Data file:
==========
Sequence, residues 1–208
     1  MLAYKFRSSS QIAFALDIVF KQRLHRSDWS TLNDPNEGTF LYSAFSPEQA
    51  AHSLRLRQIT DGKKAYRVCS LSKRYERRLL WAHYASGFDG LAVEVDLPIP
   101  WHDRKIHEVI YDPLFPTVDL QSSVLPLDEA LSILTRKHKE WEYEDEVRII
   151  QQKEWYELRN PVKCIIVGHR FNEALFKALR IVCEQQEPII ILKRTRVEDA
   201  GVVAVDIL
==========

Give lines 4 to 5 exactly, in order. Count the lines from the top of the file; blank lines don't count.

   101  WHDRKIHEVI YDPLFPTVDL QSSVLPLDEA LSILTRKHKE WEYEDEVRII
   151  QQKEWYELRN PVKCIIVGHR FNEALFKALR IVCEQQEPII ILKRTRVEDA